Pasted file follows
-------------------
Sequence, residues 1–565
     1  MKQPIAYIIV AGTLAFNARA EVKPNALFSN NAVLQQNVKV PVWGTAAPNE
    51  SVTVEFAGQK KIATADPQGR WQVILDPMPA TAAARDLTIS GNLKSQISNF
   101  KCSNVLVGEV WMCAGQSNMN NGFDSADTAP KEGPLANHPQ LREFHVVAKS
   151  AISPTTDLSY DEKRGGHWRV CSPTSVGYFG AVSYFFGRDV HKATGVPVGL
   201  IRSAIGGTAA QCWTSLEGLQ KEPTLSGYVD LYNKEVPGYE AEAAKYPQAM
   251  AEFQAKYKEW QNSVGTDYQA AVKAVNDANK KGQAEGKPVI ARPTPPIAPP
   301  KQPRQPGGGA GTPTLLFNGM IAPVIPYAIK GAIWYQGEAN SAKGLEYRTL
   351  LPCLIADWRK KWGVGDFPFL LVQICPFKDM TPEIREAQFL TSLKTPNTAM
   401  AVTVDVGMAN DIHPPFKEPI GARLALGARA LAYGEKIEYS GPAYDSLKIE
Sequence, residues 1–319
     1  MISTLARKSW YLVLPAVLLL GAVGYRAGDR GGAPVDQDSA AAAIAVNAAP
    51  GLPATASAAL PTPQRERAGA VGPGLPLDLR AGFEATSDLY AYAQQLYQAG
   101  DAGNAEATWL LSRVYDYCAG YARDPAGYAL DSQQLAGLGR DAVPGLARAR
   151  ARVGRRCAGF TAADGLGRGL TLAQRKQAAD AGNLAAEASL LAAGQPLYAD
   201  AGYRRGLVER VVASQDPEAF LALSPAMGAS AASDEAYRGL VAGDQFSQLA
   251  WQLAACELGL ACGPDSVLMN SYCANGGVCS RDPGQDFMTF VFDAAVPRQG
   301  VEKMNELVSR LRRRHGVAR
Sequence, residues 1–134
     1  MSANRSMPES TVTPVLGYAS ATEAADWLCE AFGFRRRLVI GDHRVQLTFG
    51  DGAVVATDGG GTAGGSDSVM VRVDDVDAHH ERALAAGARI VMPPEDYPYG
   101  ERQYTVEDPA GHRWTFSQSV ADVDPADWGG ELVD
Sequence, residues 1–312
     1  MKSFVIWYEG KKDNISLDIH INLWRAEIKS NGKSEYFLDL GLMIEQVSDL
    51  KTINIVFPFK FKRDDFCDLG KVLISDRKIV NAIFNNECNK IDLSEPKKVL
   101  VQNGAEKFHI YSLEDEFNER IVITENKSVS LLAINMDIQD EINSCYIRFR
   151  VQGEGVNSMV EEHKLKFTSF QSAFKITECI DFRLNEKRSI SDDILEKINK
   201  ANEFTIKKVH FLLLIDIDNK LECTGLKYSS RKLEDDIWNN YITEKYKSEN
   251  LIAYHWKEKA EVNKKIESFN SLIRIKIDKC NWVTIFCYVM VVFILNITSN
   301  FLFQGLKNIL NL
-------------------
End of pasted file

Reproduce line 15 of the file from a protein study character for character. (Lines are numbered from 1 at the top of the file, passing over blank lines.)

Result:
   151  ARVGRRCAGF TAADGLGRGL TLAQRKQAAD AGNLAAEASL LAAGQPLYAD